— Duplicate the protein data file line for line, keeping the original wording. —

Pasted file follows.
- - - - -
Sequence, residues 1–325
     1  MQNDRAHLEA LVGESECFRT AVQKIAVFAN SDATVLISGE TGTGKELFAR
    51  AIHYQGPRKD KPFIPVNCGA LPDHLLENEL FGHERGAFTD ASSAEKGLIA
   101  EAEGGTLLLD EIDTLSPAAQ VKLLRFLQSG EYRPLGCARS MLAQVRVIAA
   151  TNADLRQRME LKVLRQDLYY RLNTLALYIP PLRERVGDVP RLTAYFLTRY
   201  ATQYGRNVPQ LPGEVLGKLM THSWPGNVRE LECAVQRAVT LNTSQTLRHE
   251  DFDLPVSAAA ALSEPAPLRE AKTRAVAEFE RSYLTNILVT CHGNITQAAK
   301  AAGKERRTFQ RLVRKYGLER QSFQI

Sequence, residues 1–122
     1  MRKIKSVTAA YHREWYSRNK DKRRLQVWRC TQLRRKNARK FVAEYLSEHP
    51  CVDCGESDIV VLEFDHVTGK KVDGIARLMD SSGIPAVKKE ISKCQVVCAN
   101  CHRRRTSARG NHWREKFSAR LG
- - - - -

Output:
Sequence, residues 1–325
     1  MQNDRAHLEA LVGESECFRT AVQKIAVFAN SDATVLISGE TGTGKELFAR
    51  AIHYQGPRKD KPFIPVNCGA LPDHLLENEL FGHERGAFTD ASSAEKGLIA
   101  EAEGGTLLLD EIDTLSPAAQ VKLLRFLQSG EYRPLGCARS MLAQVRVIAA
   151  TNADLRQRME LKVLRQDLYY RLNTLALYIP PLRERVGDVP RLTAYFLTRY
   201  ATQYGRNVPQ LPGEVLGKLM THSWPGNVRE LECAVQRAVT LNTSQTLRHE
   251  DFDLPVSAAA ALSEPAPLRE AKTRAVAEFE RSYLTNILVT CHGNITQAAK
   301  AAGKERRTFQ RLVRKYGLER QSFQI

Sequence, residues 1–122
     1  MRKIKSVTAA YHREWYSRNK DKRRLQVWRC TQLRRKNARK FVAEYLSEHP
    51  CVDCGESDIV VLEFDHVTGK KVDGIARLMD SSGIPAVKKE ISKCQVVCAN
   101  CHRRRTSARG NHWREKFSAR LG